The idea of utilizing a dystopian setting for both books and movies has become overused since the release of Suzanne Collins’ critically acclaimed “Hunger Games” trilogy. Like the hydra in Greek mythology, it seems like every time a new movie with a dystopian setting gains average reviews, two more subpar dystopian movies pop up soon after, thus attaching a certain stigma to these films.
“The Divergent Series: Allegiant,” which premiered on March 18, was no exception. The first of a two-part finale manages to bring the first half of Veronica Roth’s final novel of the “Divergent” trilogy to life, though it underperforms at just about every level, much like its predecessors.
Shailene Woodley tries far too hard as Tris Prior, the protagonist, to impersonate Jennifer Lawrence’s beloved Katniss Everdeen from “The Hunger Games” and falls flat on all fronts. Her inability to properly emote, coupled with her character’s inconsistencies, are part of what brings this movie down; slotting just about any other actress into the role of Tris would dramatically increase the film’s overall quality.
Four (Theo James) adds a pretty face to the motley crew of characters trying to figure out what happens beyond the walls. However, James, like Woodley, just can’t convey his character’s true feelings. His relationship with his mother Evelyn (Naomi Watts), the new leader of Chicago after the death of Janine at the end of the previous film “Insurgent” appears forced due to a lack of chemistry.
Surprisingly, the best performances came from minor characters. Johanna (Octavia Spencer), the former leader of the faction of Amity and the current leader of the opposition to Evelyn, is a beacon of hope and one of the only reasons why I did not get up and leave the theater halfway through the movie. Miles Teller did a better-than-expected job as Peter as well, portraying the only snarky turncoat in a sea of seemingly good people.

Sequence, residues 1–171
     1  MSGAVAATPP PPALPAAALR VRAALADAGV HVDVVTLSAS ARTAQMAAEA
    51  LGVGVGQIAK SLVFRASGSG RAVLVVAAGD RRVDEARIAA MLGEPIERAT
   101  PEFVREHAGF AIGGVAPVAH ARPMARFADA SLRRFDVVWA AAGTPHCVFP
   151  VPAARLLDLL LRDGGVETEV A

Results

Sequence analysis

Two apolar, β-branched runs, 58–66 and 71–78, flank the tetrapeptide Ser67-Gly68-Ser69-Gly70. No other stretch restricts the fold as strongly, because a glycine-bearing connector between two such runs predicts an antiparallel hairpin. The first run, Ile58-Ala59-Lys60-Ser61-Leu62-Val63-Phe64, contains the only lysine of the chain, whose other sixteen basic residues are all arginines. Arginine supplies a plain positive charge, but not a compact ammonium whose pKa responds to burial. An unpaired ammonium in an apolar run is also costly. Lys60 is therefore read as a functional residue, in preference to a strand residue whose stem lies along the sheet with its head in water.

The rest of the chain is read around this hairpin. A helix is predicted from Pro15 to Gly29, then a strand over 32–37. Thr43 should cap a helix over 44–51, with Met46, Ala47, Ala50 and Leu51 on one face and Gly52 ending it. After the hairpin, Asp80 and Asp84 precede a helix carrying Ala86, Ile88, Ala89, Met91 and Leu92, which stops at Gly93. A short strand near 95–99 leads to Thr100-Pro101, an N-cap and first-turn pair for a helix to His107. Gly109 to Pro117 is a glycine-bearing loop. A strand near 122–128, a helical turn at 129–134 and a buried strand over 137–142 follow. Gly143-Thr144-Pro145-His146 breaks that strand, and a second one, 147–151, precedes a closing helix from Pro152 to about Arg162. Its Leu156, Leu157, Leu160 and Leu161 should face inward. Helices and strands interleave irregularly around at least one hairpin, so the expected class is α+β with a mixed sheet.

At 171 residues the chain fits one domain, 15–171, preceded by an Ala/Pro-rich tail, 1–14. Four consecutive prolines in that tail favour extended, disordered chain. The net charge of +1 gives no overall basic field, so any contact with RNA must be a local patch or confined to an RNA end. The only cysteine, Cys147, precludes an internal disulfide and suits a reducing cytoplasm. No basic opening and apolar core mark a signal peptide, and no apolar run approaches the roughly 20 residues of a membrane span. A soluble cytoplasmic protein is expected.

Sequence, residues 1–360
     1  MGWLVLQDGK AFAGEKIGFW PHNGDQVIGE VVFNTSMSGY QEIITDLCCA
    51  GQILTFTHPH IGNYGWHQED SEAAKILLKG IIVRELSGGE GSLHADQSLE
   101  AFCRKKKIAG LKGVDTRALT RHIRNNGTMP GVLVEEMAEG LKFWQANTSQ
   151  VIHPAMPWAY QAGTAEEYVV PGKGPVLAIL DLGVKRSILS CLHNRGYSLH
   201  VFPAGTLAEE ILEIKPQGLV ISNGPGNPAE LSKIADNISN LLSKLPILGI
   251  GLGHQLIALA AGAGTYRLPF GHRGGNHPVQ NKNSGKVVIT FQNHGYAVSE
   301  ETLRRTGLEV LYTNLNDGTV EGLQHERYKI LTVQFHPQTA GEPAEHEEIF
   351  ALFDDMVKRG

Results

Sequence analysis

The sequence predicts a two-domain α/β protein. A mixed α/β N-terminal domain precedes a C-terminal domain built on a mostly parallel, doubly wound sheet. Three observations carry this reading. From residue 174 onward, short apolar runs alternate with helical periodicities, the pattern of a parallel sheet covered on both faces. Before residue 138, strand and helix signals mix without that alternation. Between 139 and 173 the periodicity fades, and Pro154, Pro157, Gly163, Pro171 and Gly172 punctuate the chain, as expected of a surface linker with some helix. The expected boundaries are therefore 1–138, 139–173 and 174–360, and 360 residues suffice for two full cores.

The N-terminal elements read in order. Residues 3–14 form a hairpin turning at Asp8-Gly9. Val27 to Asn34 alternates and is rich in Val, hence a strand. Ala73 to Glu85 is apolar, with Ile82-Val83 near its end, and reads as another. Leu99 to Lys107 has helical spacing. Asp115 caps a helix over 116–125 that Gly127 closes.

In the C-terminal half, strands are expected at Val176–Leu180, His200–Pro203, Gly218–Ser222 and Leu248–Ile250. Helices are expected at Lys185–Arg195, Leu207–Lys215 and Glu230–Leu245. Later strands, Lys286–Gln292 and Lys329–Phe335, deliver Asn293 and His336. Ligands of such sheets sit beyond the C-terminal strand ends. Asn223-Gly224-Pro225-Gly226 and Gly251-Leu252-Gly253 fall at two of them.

The plot itself does not move as rapidly as the previous two films did, which is understandable yet aggravating, especially for viewers who, like me, read the book before going to the theater. The inconsistencies between the novel and the film were numerous and the thought that there is still another movie needed to finish off this series once and for all should scare viewers and readers alike. The repeated theme of damaged versus pure people also gets old fast and could lead to some serious trouble in the final film.
Though the acting and plot do significant damage, the film makes up some ground in the editing department. The use of computer generated images throughout the film adds a futuristic element the film needs to compete with other dystopian films; however, at times it appears the characters are no longer on Earth, as the reddish tinge of the world beyond the walls of Chicago greatly resembles Mars or Jupiter.
“The Divergent Series: Allegiant” is by far the worst out of all the “Divergent” films in all categories. With one film remaining before the world can finally put this particular dystopian society to rest, fans of Tris and Four can only hope that the finale ends with a bang and not with a whimper as the past films have.